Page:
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First-Quarter Economic Upturn
Special> First-Quarter Economic Upturn
UPDATED: April 24, 2009 NO. 17 APR. 30, 2009
Better Than Expected
The statistics are fairly encouraging, as they form a striking contrast with other industrialized and developing economies

The first-quarter economic indicators, released by the National Bureau of Statistics (NBS) in mid-April, have revealed some "better-than-expected" developments in the nation's economy, and considerably cleared up initial concerns that China may be sailing further into the doldrums as a result of the ongoing global economic crisis.

According to NBS statistics, China's gross domestic product (GDP) grew 6.1 percent in the first three months. While this rate represents the lowest growth figure in 17 years, it nonetheless shows the economy has slid only by 0.7 percentage points from the fourth quarter of 2008, much better than the 2.2-percentage-point slide in the preceding quarter. Some observers see this as an indication that China's economic slowdown has been effectively curbed and the economy is on its way to recovery.

The statistics are fairly encouraging, as they form a striking contrast with other industrialized and developing economies, where the raging financial turmoil has inflicted enormous damage. They also serve as ample evidence that the stimulus packages and other regulatory measures adopted by the Chinese Government since late last year have yielded the anticipated results.

In spite of this cheerful note, these figures by no means suggest the Chinese economy will soon bottom out. This is another message the NBS has tried to get across: China is under immense downward pressure, and it is still too early to jump to any overly optimistic conclusions.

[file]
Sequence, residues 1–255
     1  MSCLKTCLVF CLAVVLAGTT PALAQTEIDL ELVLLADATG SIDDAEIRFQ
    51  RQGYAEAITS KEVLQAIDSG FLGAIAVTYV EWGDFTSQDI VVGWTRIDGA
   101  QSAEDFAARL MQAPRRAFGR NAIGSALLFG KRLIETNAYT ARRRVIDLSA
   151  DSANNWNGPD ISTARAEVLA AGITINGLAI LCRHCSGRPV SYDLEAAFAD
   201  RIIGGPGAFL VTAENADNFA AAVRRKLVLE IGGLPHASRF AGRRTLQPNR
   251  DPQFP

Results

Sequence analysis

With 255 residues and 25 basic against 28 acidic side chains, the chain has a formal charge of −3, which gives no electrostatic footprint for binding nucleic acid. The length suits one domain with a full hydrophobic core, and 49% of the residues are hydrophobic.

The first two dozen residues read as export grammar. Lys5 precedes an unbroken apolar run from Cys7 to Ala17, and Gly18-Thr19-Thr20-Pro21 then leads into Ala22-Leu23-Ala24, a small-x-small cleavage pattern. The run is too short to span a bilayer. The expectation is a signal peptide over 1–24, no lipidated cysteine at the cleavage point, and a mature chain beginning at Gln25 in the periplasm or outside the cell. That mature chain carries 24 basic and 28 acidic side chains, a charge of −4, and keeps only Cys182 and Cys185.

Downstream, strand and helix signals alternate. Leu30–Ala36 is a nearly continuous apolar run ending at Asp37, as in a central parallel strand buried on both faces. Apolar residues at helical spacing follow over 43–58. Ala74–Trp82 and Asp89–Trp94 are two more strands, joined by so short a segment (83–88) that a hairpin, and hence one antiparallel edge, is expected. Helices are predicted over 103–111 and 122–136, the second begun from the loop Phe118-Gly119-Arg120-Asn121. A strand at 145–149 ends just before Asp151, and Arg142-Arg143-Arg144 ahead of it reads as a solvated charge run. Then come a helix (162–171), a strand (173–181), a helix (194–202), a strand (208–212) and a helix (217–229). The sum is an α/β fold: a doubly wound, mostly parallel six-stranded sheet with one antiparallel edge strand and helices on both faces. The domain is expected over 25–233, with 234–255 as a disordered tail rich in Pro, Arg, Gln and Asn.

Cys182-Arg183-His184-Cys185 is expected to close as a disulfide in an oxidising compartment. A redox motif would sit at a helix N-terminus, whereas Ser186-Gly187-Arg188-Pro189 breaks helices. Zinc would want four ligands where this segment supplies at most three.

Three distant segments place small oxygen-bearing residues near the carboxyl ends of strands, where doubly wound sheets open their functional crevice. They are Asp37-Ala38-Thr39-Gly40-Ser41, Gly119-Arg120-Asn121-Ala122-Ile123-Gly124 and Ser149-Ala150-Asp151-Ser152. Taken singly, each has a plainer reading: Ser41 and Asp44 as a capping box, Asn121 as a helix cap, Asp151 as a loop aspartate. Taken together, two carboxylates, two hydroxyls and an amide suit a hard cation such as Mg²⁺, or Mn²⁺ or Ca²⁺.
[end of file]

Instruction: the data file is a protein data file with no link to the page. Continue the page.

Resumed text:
From a longer-term perspective, though, the Chinese economy will undoubtedly rebound and regain its previous development momentum. This is an assessment made by some local economists who have based their forecast on the nation's relatively sound financial system, solid fiscal revenues, minimum budgetary deficits, huge foreign reserves, as well as effective institutions and mechanisms developed through years of reforms and restructuring to cope with crises and general economic slumps. Moreover, China is now in the process of implementing intensive industrial and urbanization programs, offering huge market potential. All these factors point to a bright future for China. And given the worsening economic situations elsewhere, the country is likely to be one of the first economies to emerge from the current round of recession, although a full recovery may largely depend on the improvement of other economies as well.

What's also promising is the government's plan to further improve social development by raising people's incomes, investing more in social security, and providing extensive welfare programs in an effort to slash household precautionary savings and drive up consumer confidence. A case in point is the recently unveiled healthcare scheme, an 850 billion-yuan ($125 billion) program aimed at providing basic medical care and health services to all citizens by 2011.

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